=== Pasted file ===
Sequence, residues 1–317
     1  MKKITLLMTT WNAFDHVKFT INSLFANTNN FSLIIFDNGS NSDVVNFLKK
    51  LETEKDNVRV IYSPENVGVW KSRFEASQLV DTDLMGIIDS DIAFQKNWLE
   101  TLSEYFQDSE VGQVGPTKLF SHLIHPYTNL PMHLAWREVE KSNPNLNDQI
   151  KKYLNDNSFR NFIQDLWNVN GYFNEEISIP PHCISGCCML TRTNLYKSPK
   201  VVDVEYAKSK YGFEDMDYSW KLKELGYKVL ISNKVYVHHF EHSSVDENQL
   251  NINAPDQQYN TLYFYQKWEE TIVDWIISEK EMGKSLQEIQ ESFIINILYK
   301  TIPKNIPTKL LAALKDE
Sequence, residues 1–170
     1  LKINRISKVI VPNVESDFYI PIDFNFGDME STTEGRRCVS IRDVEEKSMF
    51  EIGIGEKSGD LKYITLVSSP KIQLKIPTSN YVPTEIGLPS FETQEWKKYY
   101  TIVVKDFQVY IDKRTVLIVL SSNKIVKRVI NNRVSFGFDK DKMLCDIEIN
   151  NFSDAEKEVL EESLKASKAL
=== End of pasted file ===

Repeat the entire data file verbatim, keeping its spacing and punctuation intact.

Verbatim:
Sequence, residues 1–317
     1  MKKITLLMTT WNAFDHVKFT INSLFANTNN FSLIIFDNGS NSDVVNFLKK
    51  LETEKDNVRV IYSPENVGVW KSRFEASQLV DTDLMGIIDS DIAFQKNWLE
   101  TLSEYFQDSE VGQVGPTKLF SHLIHPYTNL PMHLAWREVE KSNPNLNDQI
   151  KKYLNDNSFR NFIQDLWNVN GYFNEEISIP PHCISGCCML TRTNLYKSPK
   201  VVDVEYAKSK YGFEDMDYSW KLKELGYKVL ISNKVYVHHF EHSSVDENQL
   251  NINAPDQQYN TLYFYQKWEE TIVDWIISEK EMGKSLQEIQ ESFIINILYK
   301  TIPKNIPTKL LAALKDE
Sequence, residues 1–170
     1  LKINRISKVI VPNVESDFYI PIDFNFGDME STTEGRRCVS IRDVEEKSMF
    51  EIGIGEKSGD LKYITLVSSP KIQLKIPTSN YVPTEIGLPS FETQEWKKYY
   101  TIVVKDFQVY IDKRTVLIVL SSNKIVKRVI NNRVSFGFDK DKMLCDIEIN
   151  NFSDAEKEVL EESLKASKAL